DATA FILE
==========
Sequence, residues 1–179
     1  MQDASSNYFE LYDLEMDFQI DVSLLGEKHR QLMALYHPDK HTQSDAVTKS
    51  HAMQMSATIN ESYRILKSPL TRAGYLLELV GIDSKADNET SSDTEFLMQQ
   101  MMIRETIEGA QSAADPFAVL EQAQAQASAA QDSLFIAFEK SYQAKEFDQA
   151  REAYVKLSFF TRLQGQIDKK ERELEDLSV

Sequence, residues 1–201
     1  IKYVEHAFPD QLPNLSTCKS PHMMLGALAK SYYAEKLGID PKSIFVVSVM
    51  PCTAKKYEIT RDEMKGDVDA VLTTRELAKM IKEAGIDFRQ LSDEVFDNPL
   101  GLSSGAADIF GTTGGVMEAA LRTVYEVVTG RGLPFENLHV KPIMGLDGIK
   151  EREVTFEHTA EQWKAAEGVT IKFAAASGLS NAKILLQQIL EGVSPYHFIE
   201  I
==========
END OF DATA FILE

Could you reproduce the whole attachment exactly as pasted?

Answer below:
Sequence, residues 1–179
     1  MQDASSNYFE LYDLEMDFQI DVSLLGEKHR QLMALYHPDK HTQSDAVTKS
    51  HAMQMSATIN ESYRILKSPL TRAGYLLELV GIDSKADNET SSDTEFLMQQ
   101  MMIRETIEGA QSAADPFAVL EQAQAQASAA QDSLFIAFEK SYQAKEFDQA
   151  REAYVKLSFF TRLQGQIDKK ERELEDLSV

Sequence, residues 1–201
     1  IKYVEHAFPD QLPNLSTCKS PHMMLGALAK SYYAEKLGID PKSIFVVSVM
    51  PCTAKKYEIT RDEMKGDVDA VLTTRELAKM IKEAGIDFRQ LSDEVFDNPL
   101  GLSSGAADIF GTTGGVMEAA LRTVYEVVTG RGLPFENLHV KPIMGLDGIK
   151  EREVTFEHTA EQWKAAEGVT IKFAAASGLS NAKILLQQIL EGVSPYHFIE
   201  I